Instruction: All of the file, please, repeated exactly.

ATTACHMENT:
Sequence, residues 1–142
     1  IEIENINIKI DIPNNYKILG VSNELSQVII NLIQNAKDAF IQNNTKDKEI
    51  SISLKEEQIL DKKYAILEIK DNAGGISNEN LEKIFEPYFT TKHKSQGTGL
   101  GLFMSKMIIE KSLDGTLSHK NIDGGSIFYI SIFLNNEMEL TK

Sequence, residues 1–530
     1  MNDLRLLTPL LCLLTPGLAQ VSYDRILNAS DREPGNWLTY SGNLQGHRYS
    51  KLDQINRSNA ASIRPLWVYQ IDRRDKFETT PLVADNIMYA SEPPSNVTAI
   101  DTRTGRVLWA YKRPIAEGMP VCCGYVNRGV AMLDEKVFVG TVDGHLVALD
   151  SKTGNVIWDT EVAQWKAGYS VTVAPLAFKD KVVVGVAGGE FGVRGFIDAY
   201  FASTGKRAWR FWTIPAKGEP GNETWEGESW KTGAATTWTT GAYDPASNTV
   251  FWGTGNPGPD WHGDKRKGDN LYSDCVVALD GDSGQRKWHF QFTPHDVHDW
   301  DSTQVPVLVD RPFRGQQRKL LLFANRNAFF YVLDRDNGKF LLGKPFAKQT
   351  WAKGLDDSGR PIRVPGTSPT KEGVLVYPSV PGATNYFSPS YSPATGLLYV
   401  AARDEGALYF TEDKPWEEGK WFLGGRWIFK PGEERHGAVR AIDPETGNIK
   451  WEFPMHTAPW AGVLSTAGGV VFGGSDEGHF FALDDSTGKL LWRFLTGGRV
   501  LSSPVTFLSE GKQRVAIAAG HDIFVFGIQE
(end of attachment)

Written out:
Sequence, residues 1–142
     1  IEIENINIKI DIPNNYKILG VSNELSQVII NLIQNAKDAF IQNNTKDKEI
    51  SISLKEEQIL DKKYAILEIK DNAGGISNEN LEKIFEPYFT TKHKSQGTGL
   101  GLFMSKMIIE KSLDGTLSHK NIDGGSIFYI SIFLNNEMEL TK

Sequence, residues 1–530
     1  MNDLRLLTPL LCLLTPGLAQ VSYDRILNAS DREPGNWLTY SGNLQGHRYS
    51  KLDQINRSNA ASIRPLWVYQ IDRRDKFETT PLVADNIMYA SEPPSNVTAI
   101  DTRTGRVLWA YKRPIAEGMP VCCGYVNRGV AMLDEKVFVG TVDGHLVALD
   151  SKTGNVIWDT EVAQWKAGYS VTVAPLAFKD KVVVGVAGGE FGVRGFIDAY
   201  FASTGKRAWR FWTIPAKGEP GNETWEGESW KTGAATTWTT GAYDPASNTV
   251  FWGTGNPGPD WHGDKRKGDN LYSDCVVALD GDSGQRKWHF QFTPHDVHDW
   301  DSTQVPVLVD RPFRGQQRKL LLFANRNAFF YVLDRDNGKF LLGKPFAKQT
   351  WAKGLDDSGR PIRVPGTSPT KEGVLVYPSV PGATNYFSPS YSPATGLLYV
   401  AARDEGALYF TEDKPWEEGK WFLGGRWIFK PGEERHGAVR AIDPETGNIK
   451  WEFPMHTAPW AGVLSTAGGV VFGGSDEGHF FALDDSTGKL LWRFLTGGRV
   501  LSSPVTFLSE GKQRVAIAAG HDIFVFGIQE